“The Bladensburg Cross does not violate the Establishment Clause. The image of the simple wooden cross that originally marked the graves of American soldiers killed in World War I became a symbol of their sacrifice,” Alito wrote. “Destroying or defacing the Cross would not be neutral and would not further the ideals of respect and tolerance embodied in the First Amendment.”

This is a massive win for both Christians and anyone else who supports America’s brave veterans.

The cross has been in place for nearly 100 years, and never caused any problems.

And now it will remain that way.

Are you opposed to removing historic statues and monuments?

Let us know your thoughts in the comment section below.

56 COMMENTS

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  2. No I am NOT in favor of removing any historic statues or monuments. But this cross isn’t either.It symbolizes the loss of our soldiers defending our country over 100 years ago.And thank GOD the Supreme court did not demand its removal! The atheists have done enough damage within our states and country.I find it so interesting that the atheists are not raising hell about the Muslims praying in our school system.Why?? They stopped the Christians from doing so, didn’t they?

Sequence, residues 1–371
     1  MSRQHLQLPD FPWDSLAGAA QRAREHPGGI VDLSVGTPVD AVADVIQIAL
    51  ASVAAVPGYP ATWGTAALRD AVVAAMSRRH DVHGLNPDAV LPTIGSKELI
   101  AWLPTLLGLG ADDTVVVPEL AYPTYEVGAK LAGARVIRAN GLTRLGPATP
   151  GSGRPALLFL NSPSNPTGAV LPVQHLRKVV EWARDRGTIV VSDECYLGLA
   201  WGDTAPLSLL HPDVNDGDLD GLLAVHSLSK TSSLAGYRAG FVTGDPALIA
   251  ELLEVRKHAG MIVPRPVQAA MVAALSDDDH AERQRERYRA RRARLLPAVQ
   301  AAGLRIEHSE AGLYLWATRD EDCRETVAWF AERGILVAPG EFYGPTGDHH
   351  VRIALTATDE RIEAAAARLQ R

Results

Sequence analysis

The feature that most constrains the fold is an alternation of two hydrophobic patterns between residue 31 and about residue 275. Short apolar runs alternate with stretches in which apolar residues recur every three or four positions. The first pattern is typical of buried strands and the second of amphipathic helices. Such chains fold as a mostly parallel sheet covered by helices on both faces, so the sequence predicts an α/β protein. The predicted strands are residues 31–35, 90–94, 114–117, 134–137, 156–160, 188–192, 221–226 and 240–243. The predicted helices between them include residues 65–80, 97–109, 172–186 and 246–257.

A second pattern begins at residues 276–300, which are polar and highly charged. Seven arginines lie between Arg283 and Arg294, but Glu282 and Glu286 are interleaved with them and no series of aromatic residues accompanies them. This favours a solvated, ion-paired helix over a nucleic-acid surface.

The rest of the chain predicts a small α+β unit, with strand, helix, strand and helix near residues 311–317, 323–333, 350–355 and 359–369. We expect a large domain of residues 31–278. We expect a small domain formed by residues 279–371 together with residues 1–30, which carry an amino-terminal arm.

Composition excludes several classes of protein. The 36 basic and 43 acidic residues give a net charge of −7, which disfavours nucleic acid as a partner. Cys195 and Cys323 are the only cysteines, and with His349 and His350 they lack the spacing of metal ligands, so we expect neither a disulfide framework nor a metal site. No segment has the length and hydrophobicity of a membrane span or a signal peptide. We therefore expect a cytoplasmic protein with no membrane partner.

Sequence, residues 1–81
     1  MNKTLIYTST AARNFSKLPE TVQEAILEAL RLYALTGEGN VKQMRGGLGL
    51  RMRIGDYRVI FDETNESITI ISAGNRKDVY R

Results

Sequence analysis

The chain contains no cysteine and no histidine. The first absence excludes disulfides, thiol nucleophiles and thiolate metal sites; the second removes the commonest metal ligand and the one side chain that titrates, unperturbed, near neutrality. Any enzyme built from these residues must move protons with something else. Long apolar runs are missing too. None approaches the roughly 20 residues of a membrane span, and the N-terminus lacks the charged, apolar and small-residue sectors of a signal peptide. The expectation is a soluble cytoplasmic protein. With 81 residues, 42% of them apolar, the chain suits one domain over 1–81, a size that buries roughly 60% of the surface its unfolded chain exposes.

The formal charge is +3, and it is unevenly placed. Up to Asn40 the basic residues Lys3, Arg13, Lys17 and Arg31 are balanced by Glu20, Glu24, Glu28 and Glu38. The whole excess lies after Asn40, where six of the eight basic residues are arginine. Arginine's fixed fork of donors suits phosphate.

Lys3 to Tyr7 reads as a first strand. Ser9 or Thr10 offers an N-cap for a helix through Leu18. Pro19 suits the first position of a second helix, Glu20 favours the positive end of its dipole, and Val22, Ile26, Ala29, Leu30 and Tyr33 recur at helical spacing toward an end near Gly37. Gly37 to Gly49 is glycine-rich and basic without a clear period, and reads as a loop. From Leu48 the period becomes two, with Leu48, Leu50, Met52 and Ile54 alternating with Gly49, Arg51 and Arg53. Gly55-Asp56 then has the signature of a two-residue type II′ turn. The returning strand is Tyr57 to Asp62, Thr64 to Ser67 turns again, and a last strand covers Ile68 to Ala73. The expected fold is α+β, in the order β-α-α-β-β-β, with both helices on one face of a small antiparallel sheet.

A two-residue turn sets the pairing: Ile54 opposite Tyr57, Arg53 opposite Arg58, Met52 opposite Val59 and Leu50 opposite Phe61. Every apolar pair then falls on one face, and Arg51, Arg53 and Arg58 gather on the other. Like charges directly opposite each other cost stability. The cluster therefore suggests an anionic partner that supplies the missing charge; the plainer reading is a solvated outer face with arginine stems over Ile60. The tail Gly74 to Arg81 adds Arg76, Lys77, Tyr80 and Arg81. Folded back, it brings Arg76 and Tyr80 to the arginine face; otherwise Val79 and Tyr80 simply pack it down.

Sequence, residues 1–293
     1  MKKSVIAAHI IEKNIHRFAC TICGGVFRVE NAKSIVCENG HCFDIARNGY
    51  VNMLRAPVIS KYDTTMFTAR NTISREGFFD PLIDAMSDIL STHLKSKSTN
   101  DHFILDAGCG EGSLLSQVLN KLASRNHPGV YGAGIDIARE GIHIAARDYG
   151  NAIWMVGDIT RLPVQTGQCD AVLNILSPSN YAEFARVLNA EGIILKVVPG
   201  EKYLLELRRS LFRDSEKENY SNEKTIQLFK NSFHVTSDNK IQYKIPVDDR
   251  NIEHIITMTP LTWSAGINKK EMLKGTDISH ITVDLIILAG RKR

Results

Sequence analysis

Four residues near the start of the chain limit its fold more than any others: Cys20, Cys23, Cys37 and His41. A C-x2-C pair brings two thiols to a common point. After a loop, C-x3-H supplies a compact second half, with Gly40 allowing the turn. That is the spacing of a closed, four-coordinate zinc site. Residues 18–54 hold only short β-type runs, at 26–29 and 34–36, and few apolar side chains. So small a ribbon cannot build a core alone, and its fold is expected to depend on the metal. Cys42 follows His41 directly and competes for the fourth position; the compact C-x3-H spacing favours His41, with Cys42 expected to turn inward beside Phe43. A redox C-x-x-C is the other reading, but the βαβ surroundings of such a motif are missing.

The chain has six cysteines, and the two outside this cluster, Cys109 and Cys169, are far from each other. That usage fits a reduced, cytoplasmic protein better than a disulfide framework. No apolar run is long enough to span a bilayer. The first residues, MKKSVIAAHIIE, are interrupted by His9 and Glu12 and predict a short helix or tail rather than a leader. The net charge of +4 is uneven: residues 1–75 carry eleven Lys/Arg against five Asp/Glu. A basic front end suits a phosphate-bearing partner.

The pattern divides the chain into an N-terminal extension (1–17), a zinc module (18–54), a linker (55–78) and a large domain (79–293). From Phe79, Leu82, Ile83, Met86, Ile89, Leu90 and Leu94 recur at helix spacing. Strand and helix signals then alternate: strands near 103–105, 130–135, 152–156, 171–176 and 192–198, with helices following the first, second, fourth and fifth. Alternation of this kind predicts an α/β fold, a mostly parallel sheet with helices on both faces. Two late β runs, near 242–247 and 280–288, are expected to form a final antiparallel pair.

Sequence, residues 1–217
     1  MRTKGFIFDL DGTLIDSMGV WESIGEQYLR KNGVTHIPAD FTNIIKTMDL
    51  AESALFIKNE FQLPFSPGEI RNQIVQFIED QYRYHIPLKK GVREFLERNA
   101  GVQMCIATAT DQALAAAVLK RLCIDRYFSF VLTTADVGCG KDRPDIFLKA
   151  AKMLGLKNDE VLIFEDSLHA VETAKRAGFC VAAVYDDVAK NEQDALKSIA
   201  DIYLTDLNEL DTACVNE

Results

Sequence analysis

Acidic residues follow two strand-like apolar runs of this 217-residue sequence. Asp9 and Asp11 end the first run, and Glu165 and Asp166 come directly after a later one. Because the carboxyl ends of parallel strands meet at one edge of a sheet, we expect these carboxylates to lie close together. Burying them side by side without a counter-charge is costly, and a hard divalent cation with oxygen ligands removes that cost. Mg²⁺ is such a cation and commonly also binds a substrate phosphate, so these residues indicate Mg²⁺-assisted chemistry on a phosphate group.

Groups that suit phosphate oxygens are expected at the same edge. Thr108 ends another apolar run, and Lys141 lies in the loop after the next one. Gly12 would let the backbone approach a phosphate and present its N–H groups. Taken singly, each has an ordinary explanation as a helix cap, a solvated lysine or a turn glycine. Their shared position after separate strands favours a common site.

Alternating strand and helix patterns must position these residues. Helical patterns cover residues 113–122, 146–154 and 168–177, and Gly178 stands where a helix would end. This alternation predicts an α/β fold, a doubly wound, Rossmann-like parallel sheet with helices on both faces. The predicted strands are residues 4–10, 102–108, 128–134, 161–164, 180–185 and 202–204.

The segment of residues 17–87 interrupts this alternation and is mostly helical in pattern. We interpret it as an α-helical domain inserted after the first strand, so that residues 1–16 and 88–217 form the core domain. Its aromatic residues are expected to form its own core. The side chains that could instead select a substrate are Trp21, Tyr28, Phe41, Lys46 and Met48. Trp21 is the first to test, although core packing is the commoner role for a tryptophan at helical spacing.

3. It was erected by the local community. These left wing out of towners need to leave local monuments alone. In most cases monuments have been voted on by the local communities when put up and paid for by the locals. Its there town there monument. IF you move to that community you accept the culture or at least should. Is that not why we want certain communities to live in because we like the area etc. PC has went overboard.